3. Setup and updates
A hardware VPN relies on a physical device. As such, it must be bought, shipped, and installed at your place of choosing. However, setting it up and maintaining it can be hard. Not all of the devices come with user-friendly interfaces or automatic updates. This is less of an issue for a company that can offload the task on the IT team (though it still puts a strain on the IT team) and more of a problem for individual users.
On the other hand, a software VPN is available instantly. It is not a large download, installation is usually made as user-friendly as possible, and the operation of the client is typically easy as well. For everyday home users, it’s as simple as clicking “connect” once the application is installed, as most VPN clients automatically connect to the closest, fastest server. The updates are handled automatically as well.
4. Remote access
Remote access is one area you could say the hardware VPNs excel in. It allows companies to set up encrypted connections to their intranet from remote locations. However, just like setting up the device itself, doing so isn’t very easy. Therefore, it’s more suitable for companies that have IT staff that can use screen sharing to set up remote access for the employees.
Software VPNs don’t always mesh well with remote access. One of the more significant issues is with IP addresses. There are good chances that your IP changes every time you connect to a VPN server, even if it’s technically the same one. Some VPN providers offer dedicated or static IP addresses – these can then be whitelisted.
5. Computer load
Previously, one of the most important arguments for a hardware VPN was resource usage. Encryption – the process of making your data secure – takes some processing power to accomplish. Making it happen in a dedicated device with its own processors meant saving the processing power on the connected computers.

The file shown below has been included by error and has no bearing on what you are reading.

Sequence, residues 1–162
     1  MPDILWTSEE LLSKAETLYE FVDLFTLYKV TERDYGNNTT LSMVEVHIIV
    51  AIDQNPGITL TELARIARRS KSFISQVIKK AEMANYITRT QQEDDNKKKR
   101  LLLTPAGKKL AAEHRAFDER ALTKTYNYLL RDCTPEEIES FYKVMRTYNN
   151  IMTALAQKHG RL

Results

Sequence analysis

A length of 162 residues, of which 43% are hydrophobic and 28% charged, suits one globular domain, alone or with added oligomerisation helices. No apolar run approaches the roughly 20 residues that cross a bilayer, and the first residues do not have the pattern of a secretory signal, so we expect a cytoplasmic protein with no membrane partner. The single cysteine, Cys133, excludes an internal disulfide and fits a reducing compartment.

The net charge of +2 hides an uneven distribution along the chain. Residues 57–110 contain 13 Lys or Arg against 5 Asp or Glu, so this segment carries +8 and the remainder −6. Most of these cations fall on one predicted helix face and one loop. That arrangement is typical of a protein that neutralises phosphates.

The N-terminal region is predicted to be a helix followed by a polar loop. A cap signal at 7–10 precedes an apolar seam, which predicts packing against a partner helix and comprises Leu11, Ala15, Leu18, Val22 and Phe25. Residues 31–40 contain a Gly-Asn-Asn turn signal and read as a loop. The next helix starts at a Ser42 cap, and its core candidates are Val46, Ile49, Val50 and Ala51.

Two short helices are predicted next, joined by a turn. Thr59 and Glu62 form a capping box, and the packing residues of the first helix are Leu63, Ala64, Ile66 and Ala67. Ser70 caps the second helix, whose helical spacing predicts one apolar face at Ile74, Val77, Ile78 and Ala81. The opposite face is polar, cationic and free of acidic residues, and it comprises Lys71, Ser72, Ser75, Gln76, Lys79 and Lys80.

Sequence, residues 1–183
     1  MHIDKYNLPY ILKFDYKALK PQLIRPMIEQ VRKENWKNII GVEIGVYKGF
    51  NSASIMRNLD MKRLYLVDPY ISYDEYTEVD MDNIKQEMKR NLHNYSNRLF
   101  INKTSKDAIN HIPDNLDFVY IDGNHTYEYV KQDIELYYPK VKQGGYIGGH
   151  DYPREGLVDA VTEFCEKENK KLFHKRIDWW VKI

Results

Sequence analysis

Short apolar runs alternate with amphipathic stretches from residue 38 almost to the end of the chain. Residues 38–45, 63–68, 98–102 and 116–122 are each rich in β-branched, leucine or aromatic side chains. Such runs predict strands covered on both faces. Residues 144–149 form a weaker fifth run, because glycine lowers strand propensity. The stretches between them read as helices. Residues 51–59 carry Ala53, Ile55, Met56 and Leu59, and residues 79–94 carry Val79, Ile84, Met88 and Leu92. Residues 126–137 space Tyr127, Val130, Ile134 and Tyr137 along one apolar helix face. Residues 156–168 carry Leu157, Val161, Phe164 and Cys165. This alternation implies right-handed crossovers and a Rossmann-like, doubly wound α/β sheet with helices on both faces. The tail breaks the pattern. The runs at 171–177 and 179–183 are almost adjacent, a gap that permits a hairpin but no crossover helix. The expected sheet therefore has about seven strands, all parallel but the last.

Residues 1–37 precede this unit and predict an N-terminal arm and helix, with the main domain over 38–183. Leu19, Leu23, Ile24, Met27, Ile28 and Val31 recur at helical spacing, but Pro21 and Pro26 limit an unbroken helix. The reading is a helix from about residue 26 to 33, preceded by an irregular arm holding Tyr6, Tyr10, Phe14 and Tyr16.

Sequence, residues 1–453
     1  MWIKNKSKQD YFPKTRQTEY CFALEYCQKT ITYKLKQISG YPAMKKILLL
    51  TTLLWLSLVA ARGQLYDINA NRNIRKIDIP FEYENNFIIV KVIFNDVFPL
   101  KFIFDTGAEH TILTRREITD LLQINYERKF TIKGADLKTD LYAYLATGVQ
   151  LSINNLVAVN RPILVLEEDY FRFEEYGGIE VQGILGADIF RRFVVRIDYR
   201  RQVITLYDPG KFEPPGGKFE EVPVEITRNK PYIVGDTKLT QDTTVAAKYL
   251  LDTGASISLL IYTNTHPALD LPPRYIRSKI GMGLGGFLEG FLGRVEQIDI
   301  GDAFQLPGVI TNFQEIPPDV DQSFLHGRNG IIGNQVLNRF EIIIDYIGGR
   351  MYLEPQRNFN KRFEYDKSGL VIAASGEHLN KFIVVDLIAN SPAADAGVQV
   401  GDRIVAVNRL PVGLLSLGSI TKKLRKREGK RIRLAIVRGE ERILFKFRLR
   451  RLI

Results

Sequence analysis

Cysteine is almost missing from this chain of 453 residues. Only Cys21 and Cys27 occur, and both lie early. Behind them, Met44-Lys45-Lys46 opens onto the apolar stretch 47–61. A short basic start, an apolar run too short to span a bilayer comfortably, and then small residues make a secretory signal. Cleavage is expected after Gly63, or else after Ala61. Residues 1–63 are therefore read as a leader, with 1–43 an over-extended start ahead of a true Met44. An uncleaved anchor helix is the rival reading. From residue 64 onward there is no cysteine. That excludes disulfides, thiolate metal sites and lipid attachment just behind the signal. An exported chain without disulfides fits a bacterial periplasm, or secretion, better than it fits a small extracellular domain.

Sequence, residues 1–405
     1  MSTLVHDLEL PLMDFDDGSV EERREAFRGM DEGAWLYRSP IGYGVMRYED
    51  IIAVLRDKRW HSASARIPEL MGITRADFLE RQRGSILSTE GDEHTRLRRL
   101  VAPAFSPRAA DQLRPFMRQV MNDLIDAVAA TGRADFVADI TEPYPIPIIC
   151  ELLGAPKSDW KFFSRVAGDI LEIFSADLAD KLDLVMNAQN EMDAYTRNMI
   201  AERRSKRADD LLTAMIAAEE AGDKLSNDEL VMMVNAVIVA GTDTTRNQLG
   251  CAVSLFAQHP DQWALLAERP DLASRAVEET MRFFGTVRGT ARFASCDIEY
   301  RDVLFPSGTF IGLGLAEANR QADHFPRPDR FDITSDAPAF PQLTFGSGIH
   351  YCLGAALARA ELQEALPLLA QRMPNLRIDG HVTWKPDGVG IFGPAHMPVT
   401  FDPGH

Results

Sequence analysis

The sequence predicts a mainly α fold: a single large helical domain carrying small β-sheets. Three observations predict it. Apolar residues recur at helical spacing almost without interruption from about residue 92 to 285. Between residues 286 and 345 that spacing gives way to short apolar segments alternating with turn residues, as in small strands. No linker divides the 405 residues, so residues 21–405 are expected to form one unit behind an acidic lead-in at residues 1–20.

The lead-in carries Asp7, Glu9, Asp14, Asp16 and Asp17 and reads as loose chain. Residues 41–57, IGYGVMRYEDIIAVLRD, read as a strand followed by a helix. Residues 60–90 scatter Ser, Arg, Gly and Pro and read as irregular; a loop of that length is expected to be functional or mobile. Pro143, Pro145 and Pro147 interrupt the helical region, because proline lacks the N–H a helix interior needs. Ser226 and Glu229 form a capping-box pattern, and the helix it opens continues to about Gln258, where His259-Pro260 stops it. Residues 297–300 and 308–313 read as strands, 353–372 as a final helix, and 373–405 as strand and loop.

However, that is a thing of the past. Today, software VPNs make such a low impact on processing power that VPN clients can be easily installed and used on smartphones. Surfshark is even available on smart TVs, game consoles, and as a browser extension.
When it comes to security, software and hardware VPNs are pretty much on par. However, hackers are increasingly trying to exploit hardware VPN servers. When a brand is discovered to have a vulnerability, it poses an immediate threat to every user that has purchased that manufacturer’s devices. Patches are released, but companies don’t always deploy them in a timely manner as the update process can disrupt the day-to-day operations.
With a software VPN, the big issue is finding a trustworthy supplier. For example, research shows that 38% of free VPNs contain malware, and 72% track your online activity. Both businesses and private users should do research and find a reliable paid software VPN.
However, the fact that you’re not the one maintaining the infrastructure makes it secure in a few ways. The VPN developers have a lot more experience in VPNs and security matters than their users. They are also usually keen on patching any vulnerabilities as quickly as possible. And when a client patch is sent out, it’s straightforward to install.
7. Overcoming censorship
This is where a hardware VPN really falters. If you need the VPN to access websites, apps, and services blocked in your country, a hardware VPN can’t help you. Sharing the geographical location with its setup spot, it is no more capable of accessing censored content than a regular computer.
A software VPN, on the other hand, usually offers a variety of servers to connect to. For example, Surfshark has over 3200 servers in 60+ countries. This means checking how websites look in different locations and bypassing all sorts of government blocks is very easy.
Surfshark does not encourage using a VPN in any way that would potentially violate the Terms of Service of other service providers.
Which one is the best for you?
In the end, a hardware VPN is suitable for large companies: they have the resources and the personnel to install, maintain, and run the dedicated device. They also may not like the idea of their data being routed via a third-party server.
A software VPN is a better choice for private users who are looking for security, privacy, or simply access to websites. It’s also a good idea for small businesses that don’t have the money, the human resources, or really the need to run a dedicated hardware VPN. So if you’re one of these users, why not try Surfshark?